The Republican Party's primary race has spun into surreality just days before the crucial first contest of the season, the Iowa caucuses.
The race was already in bizarre territory as it was, with rank outsider Donald Trump in the lead challenged only by Ted Cruz, a freshman senator who is widely loathed by his colleagues in DC, and establishment favourites like Jeb Bush and Marco Rubio, battling to even stay relevant.
Donald Trump's ongoing feud with Fox
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Donald Trump's ongoing feud with Fox
Republican presidential candidate Donald Trump claims that he has 'not been treated fairly' by Fox News, during a campaign rally in South Carolina.
It got even weirder on Wednesday when Mr Trump pulled out of the debate that Fox News was to host in Des Moines on Thursday night.
Adding to the chaos, Mr Trump is now openly feuding with Fox, the network most closely associated with his party.
Rather than attend the debate Mr Trump is to host his own event in Des Moines instead, which he is casting as a fundraiser for veterans.
Several veterans groups have already distanced themselves from the event. "If offered, @IAVA will decline donations from Trump's event. We need strong policies from candidates, not to be used for political stunts," the founder of Iraq and Afghanistan Veterans of America, Paul Rieckhoff, tweeted.
But that has not stopped two other candidates – Mike Huckabee and Rick Santorum – from ditching the party-sanctioned second-tier debate and joining Mr Trump at his event.
Democrats are thrilled by the chaos in Republican ranks. Vice-President Joe Biden told a Democratic Party meeting on Thursday, "We may be given a gift from the Lord in the presidential race here.
"I don't know who to root for more – Cruz or ... what's that guy's name? He's having a fundraiser for veterans tonight, I'm told."
The Fox-Trump dispute goes back to an earlier debate in which the Fox moderator Megyn Kelly dared challenge Mr Trump about some of the many sexist comments he has made over the years. Mr Trump was furious and said in an in interview later that Kelly had "blood coming out of her ... wherever" when she asked the question.
Nonetheless he attended later debates. This week though Mr Trump, now the unlikely poll leader, returned to the issue, saying in interviews that Kelly was biased against him and should not be allowed to co-host. He threatened a boycott.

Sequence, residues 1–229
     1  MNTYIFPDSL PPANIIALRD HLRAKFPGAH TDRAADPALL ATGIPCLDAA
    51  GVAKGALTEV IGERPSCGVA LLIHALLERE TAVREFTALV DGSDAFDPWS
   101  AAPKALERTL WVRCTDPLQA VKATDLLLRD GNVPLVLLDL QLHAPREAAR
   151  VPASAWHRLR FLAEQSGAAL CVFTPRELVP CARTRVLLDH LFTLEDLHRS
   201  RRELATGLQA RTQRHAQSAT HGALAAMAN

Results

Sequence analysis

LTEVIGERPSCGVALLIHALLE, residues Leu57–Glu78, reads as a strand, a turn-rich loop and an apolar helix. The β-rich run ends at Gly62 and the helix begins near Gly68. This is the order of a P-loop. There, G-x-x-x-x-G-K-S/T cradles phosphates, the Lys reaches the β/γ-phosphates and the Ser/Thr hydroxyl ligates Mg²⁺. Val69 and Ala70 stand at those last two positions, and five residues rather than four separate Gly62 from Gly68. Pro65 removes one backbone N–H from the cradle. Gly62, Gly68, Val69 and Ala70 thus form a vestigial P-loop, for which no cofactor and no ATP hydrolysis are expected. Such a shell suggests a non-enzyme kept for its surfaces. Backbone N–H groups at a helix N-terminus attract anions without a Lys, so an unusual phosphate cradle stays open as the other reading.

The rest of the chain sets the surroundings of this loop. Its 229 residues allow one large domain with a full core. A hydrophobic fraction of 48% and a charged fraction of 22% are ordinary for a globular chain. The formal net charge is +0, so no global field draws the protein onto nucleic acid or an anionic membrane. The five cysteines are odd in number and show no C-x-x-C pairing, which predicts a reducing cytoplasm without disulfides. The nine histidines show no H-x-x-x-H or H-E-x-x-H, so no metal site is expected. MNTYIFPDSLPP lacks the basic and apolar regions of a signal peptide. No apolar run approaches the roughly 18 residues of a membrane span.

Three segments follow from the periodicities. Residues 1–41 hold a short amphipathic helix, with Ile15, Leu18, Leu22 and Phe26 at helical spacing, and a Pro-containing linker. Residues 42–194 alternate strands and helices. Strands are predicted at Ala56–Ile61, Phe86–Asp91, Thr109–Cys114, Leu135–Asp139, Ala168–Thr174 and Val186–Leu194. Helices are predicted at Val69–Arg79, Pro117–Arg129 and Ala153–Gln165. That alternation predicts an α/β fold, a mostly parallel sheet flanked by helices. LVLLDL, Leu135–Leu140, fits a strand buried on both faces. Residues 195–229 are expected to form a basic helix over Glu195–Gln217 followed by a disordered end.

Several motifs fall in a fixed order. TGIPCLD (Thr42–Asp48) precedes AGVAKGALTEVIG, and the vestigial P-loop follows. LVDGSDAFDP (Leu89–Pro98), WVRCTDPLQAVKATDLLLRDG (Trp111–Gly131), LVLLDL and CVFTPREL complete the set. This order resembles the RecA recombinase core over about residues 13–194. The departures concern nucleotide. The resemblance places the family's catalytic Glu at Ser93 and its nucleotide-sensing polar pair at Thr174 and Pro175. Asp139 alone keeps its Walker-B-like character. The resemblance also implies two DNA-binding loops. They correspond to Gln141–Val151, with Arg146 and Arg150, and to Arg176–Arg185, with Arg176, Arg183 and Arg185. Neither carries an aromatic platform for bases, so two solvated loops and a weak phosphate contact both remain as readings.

Fox fired back with a somewhat snide public statement – reportedly written by the Fox boss Roger Ailes – saying, "We learned from a secret back channel that the Ayatollah and Putin both intend to treat Donald Trump unfairly when they meet with him if he becomes president – a nefarious source tells us that Trump has his own secret plan to replace the cabinet with his Twitter followers to see if he should even go to those meetings."
Mr Trump then quit the event and started arranging his own, which CNN will now screen at the same time as the Fox debate.
Senator Cruz has spent the hours since the blow-up, merrily tootling about Iowa casting Mr Trump as too delicate to cope with an interrogation from Kelly. "Gentle Donald," he kept calling him during a rally in Des Moines on Wednesday night.
There are a few interpretations about Mr Trump's motives in giving up such an important public platform days before Monday's caucuses.
Some believe he is thin-skinned. Others believe he is smart.
It is a rule of thumb in politics that no candidate with a commanding lead ever wants to debate – they have everything to lose, nothing to gain. Many believe Mr Trump manufactured the dispute as an excuse not to attend.
But the dispute reveals as much about the current state of the Republican Party as it does about Mr Trump.
The debacle is simply more evidence that the party has lost control of its own primaries. The party's establishment believes Mr Trump might lead them to oblivion, just as it is sure it cannot work with Senator Cruz. Public finger-pointing about who is to blame has already begun.
And it also reveals something about the place of Fox News.
Since at least the turn of the century no serious Republican candidate has dared cross Fox. Meanwhile, the network, created by Mr Ailes on behalf of Rupert Murdoch, has carefully nurtured the fiction that it is an outsider to what it calls "the mainstream media" despite constantly dominating cable news ratings.
On Wednesday night, Mr Trump not only turned his back on Fox, he punctured that conceit, casting the network as representative of the media elite. And his legion of followers so far seems to agree, and many believe that even in his absence he will dominate Thursday night's proceedings.